Kim Il Sung created a powerful fiction to gain power. His family has used it to stay there.
The fighting started just before dawn on June 25, 1950. North Korean artillery and mortar units thundered into action, unleashing a furious barrage on South Korean positions along the border as the first waves of ground troops and Soviet-made tanks stormed south across the 38th parallel. Within three days, they had taken control of the South Korean capital, Seoul, gaining ground steadily as they continued their advance.
It was a carefully planned offensive, intended to catch the other side at its least prepared and reunify the peninsula by force. But that wasn’t what North Korea’s leader, Kim Il Sung, told his citizens in an emergency radio broadcast twenty-four hours into the conflict.
“On June 25, the army of the puppet government of the traitor Syngman Rhee [the leader of South Korea] started an all-out offensive against the areas of the northern half of the Republic all along the 38th parallel,” Kim informed his listeners. North Korean forces were “fighting fierce battles to counter the enemy’s invasion.”
Kim’s initial lie set the tone for how the regime would depict the conflict for the next seven decades. Successive North Korean leaders have exploited the history of the Korean War – or as it is known there, the Fatherland Liberation War – twisting the truth of what happened to shore up public support and depict their country as besieged and under threat. And now, as in 1950, the Kim family claims to be defending the nation from its foreign enemies.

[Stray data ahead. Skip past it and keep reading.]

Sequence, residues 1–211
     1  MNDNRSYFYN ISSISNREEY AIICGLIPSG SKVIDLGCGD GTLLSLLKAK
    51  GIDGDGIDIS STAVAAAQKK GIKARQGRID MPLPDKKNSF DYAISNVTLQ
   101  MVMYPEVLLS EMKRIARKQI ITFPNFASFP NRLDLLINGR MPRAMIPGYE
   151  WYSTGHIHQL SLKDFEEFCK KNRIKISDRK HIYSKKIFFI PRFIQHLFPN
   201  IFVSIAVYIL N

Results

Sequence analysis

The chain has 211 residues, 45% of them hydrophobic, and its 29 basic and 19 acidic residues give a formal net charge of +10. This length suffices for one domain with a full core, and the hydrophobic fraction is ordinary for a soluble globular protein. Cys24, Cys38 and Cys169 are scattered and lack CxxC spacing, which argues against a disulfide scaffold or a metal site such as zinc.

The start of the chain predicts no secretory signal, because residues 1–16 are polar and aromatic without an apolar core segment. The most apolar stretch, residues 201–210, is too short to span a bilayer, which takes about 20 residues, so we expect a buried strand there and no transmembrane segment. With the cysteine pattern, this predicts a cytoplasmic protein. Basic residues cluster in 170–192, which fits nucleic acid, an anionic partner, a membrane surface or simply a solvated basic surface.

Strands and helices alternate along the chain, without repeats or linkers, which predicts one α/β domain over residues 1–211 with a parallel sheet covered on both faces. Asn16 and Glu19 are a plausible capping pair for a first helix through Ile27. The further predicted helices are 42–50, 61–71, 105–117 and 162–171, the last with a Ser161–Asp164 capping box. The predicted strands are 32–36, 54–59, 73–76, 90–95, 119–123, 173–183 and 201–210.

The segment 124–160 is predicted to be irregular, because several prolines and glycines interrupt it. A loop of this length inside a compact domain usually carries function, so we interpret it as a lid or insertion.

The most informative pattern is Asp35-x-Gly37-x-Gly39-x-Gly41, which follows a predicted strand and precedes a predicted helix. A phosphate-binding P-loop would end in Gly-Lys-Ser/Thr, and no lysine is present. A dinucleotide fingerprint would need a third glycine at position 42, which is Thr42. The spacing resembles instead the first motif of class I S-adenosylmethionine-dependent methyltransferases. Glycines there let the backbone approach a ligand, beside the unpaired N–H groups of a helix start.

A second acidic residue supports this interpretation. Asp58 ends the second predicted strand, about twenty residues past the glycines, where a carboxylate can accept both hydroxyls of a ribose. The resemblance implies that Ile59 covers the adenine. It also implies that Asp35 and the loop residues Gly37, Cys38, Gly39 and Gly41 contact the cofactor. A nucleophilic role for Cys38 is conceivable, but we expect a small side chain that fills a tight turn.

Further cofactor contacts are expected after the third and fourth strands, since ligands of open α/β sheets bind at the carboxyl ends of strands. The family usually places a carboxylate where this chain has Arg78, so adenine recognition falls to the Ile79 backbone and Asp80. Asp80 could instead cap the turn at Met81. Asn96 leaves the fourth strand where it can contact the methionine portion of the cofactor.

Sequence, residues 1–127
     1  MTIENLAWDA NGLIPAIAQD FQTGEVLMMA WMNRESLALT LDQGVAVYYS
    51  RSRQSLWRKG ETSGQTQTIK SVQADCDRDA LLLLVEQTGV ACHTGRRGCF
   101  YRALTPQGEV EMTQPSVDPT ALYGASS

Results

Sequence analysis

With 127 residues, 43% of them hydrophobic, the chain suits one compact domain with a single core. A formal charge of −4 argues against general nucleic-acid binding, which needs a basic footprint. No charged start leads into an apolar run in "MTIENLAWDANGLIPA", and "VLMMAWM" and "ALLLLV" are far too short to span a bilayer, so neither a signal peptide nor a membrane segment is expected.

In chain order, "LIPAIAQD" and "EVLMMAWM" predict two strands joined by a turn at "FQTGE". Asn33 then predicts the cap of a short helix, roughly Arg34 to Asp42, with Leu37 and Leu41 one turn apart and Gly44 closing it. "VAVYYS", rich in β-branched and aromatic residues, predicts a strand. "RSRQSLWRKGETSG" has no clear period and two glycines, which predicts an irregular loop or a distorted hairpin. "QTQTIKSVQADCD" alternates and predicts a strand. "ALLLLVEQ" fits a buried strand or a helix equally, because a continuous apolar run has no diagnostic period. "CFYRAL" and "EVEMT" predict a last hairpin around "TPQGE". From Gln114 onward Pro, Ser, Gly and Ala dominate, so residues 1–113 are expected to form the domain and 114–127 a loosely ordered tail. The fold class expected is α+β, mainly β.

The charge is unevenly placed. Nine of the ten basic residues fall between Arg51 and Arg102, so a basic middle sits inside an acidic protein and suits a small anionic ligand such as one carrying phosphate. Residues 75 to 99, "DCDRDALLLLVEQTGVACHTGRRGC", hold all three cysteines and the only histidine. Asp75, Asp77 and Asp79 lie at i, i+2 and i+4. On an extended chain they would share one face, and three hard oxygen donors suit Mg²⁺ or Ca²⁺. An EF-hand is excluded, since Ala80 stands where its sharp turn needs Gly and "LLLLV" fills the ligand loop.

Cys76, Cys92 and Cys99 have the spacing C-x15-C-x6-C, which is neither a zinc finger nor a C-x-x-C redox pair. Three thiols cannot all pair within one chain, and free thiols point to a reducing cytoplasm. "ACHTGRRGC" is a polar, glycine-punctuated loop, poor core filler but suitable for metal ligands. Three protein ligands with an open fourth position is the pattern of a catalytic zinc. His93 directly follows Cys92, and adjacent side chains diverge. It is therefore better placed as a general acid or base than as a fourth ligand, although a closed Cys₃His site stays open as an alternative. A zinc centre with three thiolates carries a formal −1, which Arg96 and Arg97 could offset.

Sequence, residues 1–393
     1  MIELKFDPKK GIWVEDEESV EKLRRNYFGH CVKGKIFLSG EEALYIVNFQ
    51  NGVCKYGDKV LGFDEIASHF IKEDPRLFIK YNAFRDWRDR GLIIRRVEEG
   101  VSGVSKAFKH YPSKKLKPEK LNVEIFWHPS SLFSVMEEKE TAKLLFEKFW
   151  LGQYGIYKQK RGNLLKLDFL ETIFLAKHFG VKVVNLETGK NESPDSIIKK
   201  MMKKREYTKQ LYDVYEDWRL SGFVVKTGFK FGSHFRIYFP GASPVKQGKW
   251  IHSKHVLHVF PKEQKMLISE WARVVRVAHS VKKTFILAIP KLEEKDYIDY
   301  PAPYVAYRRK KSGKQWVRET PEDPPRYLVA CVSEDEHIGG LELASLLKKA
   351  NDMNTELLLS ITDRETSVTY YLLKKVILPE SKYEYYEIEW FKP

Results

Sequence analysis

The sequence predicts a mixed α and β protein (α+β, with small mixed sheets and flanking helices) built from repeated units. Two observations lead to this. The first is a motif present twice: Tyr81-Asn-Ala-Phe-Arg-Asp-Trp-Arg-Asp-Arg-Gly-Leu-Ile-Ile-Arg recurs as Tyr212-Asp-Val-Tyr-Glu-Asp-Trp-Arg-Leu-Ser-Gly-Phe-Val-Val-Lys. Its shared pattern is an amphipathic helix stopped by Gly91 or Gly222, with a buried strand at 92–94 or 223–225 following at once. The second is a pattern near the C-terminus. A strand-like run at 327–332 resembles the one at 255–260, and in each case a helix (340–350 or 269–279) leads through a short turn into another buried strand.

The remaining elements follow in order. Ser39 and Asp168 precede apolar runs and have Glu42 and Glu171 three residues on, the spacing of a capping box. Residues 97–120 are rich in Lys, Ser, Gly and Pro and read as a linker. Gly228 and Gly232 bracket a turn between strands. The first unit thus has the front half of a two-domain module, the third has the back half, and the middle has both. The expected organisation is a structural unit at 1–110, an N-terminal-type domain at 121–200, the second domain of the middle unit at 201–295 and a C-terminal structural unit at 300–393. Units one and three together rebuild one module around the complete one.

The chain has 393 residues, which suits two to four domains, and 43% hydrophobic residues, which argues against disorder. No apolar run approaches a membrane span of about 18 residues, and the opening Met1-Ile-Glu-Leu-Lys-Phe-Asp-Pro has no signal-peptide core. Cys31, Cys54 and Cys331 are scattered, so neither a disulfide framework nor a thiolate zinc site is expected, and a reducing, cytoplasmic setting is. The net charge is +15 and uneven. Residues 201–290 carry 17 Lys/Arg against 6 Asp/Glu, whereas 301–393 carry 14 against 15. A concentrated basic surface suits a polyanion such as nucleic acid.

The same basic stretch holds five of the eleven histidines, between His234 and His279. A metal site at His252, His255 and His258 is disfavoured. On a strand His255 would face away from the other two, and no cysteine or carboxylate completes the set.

When Kim Il Sung’s voice crackled over the radio that day, he was 38 years old. He was the leader of a country that had existed for less than two years. The invasion he sought and unleashed was his first real experience of large-scale combat. Yet thanks to the intensive propaganda campaign that had accompanied his rise to power, his audience did not know this. To them, he was a guerilla war hero, who had played a critical role in liberating the country from Japanese colonial rule in 1945.
Successive North Korean leaders have exploited the history of the Korean War – twisting the truth of what happened to shore up public support and depict their country as besieged and under threat.
The glimmer of truth in the tale was that Kim had been a guerilla fighter, who joined the anti-Japanese struggle as a young man, and commanded sizeable groups of rebels. But Kim’s battles were fought primarily in Manchuria, north-east China – and his fighting days were over long before the end of the war. In 1940, he fled across the border into the Soviet Union, where he spent the rest of the conflict at a Red Army base in the Russian Far East.
Japan’s control of the Korean peninsula ended with its defeat by the Allied powers in World War II, without the presence of Kim Il Sung among them. Yet Soviet propagandists built up a legend of Kim’s past heroism that gained ground, and the memory of foreign occupation must have been only too raw in his listeners’ minds as he called his countrymen to arms.